Women’s sexual experiences as a side effect of contraception in low- and middle-income countries: evidence from a systematic scoping review

Shannon N. Wood, Celia Karp, Linnea Zimmerman

Research output: Contribution to journalReview article

Abstract

Contraception is essential to preventing unintended pregnancy. While contraceptive use has increased significantly over the past decade, discontinuation and gaps in use remain common. Although women cite side effects as the reason for discontinuing or stopping methods, little is known about the specific ways in which contraception affects women’s sexual experiences. This systematic scoping review aimed to understand how contraceptive-induced side effects relating to women’s sexual experiences have been measured, classified, and explored in the literature, specifically in low- and middle-income countries (LMICs). Studies were eligible for inclusion if they were peer-reviewed, English-language articles published between 2003 and 2018 that examined women’s sexual experiences related to their use of modern contraception, including sexual satisfaction, arousal, sexual dysfunction, discomfort, vaginal dryness, sexual frequency, and relationship or partner dynamics. Study populations were restricted to women of reproductive age in LMICs. Twenty-two studies were deemed eligible for inclusion, comprising a range of methods and geographies. Emergent sexual experience themes included: menstrual issues impacting sexual experience; libido; lubrication; sexual pleasure; dyspareunia; and female sexual function. Results highlight the variability in measures used, lack of a women-centred perspective, and void in research outside of high-income countries to study the influence of contraception on women’s sexual experiences. Very few studies focused on women’s sexual experiences as the primary outcome or predictor. Providers should adopt woman-centred contraceptive counselling that considers women’s relationships. Further research is needed to disentangle the nuanced effects of contraception on women’s sex lives, contraceptive decision-making, and method continuation.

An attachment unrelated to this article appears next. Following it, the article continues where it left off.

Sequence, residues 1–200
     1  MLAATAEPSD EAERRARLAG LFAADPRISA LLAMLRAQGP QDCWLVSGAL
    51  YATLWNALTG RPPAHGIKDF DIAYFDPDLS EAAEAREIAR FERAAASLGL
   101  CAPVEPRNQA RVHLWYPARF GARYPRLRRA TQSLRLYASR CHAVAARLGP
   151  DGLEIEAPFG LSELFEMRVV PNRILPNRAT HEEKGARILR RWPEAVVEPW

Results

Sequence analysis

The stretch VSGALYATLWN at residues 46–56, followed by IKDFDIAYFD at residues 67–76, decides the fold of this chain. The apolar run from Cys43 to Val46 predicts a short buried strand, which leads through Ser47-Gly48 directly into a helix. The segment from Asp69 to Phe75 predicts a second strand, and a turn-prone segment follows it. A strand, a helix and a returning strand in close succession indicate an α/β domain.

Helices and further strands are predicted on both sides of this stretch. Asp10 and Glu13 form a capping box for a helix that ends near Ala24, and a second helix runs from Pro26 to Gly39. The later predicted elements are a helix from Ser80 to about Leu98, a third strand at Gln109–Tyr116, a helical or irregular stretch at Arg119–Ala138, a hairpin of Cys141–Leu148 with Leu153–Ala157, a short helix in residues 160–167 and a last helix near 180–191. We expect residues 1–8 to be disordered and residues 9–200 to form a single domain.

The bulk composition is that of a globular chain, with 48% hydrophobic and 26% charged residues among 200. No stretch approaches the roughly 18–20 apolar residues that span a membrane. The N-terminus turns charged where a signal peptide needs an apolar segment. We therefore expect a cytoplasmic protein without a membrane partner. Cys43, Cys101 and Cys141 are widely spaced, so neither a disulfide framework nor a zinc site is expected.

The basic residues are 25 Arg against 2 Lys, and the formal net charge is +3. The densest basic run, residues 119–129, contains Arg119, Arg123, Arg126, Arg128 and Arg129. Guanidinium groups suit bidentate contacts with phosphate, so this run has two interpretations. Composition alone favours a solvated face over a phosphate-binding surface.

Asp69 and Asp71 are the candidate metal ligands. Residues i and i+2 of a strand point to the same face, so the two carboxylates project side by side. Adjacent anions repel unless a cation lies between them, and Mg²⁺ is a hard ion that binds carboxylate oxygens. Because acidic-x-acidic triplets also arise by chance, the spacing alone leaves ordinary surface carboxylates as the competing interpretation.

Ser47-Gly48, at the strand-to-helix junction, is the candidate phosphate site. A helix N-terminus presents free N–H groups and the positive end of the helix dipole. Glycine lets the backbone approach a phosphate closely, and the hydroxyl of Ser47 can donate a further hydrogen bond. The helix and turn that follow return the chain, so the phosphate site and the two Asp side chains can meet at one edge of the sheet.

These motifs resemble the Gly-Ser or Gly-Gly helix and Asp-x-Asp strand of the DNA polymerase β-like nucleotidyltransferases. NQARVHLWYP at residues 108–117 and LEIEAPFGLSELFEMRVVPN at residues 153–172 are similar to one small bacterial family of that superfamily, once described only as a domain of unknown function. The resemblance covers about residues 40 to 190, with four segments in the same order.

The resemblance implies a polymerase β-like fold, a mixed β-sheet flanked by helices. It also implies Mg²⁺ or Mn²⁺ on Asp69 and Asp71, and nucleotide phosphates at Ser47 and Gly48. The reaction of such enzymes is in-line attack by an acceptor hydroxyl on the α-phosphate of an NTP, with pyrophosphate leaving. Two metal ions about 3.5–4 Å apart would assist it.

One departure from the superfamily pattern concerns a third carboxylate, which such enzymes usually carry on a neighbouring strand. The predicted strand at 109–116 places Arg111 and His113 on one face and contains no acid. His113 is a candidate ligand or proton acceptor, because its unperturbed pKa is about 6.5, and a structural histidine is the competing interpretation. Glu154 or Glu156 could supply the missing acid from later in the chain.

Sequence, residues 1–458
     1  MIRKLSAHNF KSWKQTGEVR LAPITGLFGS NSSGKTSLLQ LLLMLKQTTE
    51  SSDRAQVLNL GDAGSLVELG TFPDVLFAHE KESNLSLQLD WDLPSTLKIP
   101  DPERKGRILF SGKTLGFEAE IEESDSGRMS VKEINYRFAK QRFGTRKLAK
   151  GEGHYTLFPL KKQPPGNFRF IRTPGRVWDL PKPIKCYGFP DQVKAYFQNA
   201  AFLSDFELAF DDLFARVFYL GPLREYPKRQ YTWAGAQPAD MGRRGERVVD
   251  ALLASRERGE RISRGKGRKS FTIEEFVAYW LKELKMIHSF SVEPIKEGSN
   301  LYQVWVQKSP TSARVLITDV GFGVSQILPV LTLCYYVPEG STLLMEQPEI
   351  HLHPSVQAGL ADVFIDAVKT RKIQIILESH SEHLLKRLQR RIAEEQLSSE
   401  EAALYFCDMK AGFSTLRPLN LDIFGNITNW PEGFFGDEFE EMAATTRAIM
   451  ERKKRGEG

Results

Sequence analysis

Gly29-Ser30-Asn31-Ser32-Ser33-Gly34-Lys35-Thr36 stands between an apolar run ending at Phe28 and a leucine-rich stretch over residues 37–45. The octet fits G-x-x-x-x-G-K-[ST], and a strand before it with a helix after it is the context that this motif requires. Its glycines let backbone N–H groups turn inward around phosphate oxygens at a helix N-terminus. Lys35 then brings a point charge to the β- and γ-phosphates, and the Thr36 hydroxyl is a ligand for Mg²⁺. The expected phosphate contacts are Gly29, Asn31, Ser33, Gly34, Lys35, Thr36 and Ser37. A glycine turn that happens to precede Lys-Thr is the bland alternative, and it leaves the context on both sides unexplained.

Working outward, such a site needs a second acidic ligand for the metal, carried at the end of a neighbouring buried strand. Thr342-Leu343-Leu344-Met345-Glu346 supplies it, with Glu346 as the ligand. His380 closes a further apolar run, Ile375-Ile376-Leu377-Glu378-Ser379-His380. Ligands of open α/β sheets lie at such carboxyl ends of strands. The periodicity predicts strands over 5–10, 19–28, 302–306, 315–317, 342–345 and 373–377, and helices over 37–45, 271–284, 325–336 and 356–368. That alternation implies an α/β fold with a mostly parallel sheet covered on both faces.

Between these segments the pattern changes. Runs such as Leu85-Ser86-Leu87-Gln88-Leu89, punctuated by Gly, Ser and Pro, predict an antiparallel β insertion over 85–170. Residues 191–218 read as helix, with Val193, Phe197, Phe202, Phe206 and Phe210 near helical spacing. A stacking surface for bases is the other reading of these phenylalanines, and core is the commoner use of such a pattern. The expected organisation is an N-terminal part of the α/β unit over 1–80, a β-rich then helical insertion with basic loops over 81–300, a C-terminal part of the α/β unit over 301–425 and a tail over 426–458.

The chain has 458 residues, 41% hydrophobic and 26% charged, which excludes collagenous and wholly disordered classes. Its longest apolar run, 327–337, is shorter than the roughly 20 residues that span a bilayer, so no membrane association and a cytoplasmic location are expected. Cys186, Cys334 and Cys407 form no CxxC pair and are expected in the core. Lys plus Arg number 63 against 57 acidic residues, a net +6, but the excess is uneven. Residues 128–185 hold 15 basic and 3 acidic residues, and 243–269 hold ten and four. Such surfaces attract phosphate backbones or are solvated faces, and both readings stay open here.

Original languageEnglish (US)
Article number1763652
JournalSexual and Reproductive Health Matters
Volume28
Issue number1
DOIs
StatePublished - Jan 1 2020

Keywords

  • contraception
  • discontinuation
  • sex
  • sexual pleasure
  • side effects

ASJC Scopus subject areas

  • Reproductive Medicine
  • Obstetrics and Gynecology

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